| This is coming a little bit too late, even for you last minute shoppers. But maybe you can go hit the after Christmas sales, or exchange all of the Chia Pets and Snuggies you receive for some of the books on this list.
If you haven't read them:
The Omnivore's Dilemma by Michael Pollan
Fast Food Nation by Eric Schlosser
These are the first two books ANYONE should read about food. They make so many points so clearly. It's not just about the information that is in them, but about how well they are written and how the reader feels as he or she reads them. These books make people "get it." If you're trying to "convert" a difficult relative who keeps serving you cranberry sauce out of a can at every holiday, buy them these. And if they aren't the reading type, get them a copy of Food, Inc. because that's kind of like these two books in one, except in movie form.
After someone has read those, here are the next 8 books that should be on their bookshelf:
3. The War on Bugs by Will Allen: Where did industrial ag come from, REALLY? And why DO we use pesticides? This book traces it all the way back to late medieval Europe, and then very carefully chronicles the rise of pesticide use in the U.S. Whereas other books (including my own) go back to World War 1 or 2, Allen goes back to the 1800's by reading farm journals from those times. Totally fascinating, and mandatory reading.
4. Teaming with Microbes: A Gardeners Guide to the Soil Food Web: Why does organics work? What is happening, from a scientific point of view, in the soil and above ground? This book tells it all in such a clear way that even non-scientists and non-gardeners can understand it. If you're giving a book as a gift, give this to a gardener. Non-gardeners really just need the Cliff's notes version of this info.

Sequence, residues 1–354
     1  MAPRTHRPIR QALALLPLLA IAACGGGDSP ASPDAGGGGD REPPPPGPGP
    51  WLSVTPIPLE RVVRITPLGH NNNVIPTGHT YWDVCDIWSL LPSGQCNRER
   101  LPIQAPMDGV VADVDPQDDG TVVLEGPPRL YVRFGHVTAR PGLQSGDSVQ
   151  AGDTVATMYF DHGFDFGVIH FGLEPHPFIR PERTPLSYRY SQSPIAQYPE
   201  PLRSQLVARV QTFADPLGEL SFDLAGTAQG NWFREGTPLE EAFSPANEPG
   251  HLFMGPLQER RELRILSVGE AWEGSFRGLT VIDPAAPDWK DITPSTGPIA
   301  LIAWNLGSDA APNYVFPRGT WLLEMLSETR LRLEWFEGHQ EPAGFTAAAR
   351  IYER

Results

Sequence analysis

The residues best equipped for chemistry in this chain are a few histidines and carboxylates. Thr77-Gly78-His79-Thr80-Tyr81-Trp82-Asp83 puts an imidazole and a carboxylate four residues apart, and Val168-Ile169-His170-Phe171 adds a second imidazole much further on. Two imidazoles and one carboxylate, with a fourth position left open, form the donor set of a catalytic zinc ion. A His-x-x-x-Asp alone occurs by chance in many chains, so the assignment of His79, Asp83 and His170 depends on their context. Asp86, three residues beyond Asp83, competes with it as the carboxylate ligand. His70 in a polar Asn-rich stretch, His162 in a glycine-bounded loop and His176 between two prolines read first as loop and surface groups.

5. Bottomfeeder by Taras Grescoe: Want to understand seafood? Read this. The book was described to me as "The Omnivore's Dilemma of Fish" and it truly is. If you eat fish or shellfish AT ALL, read this book. It will make you mad though. It will also put a serious crimp in your ability to enjoy seafood.
6. Stuffed and Starved by Raj Patel: Patel is one of my absolute favorite speakers and writers. He's been all over the world and he clearly shows what's going on not just in the U.S. but around the world. Why are a billion people starving and a billion people overweight? What's the cause of such inequality. That's what this book explains.
7. Appetite for Profit by Michele Simon: Read this one no matter what, but ESPECIALLY read it if you have kids. And give it as a gift to anyone you know who has kids. Simon tells exactly how marketers and food companies are screwing us while simultaneously trying to look like the good guys. Much of the book's content focuses on children, although the book is not exclusively about kids and marketing to kids.
8. The End of Overeating by David Kessler: Why would an intelligent adult who wants to be attractive and healthy binge on an entire pint of ice cream or bag of chips, despite a strong desire not to? Why do some of us just totally lose control around junk food? Kessler goes into the actual neuroscience behind this and then tells exactly how the food industry exploits that. Amazing!
9. Recipe for America by me: I can't help adding this to the list even though it's probably a taboo to do that. But the book will give you a basic understanding of the legal system that governs food and what is already happening (or isn't happening) to try and change it.
10... What do you recommend? Please add your own favorite foodie books in the comments!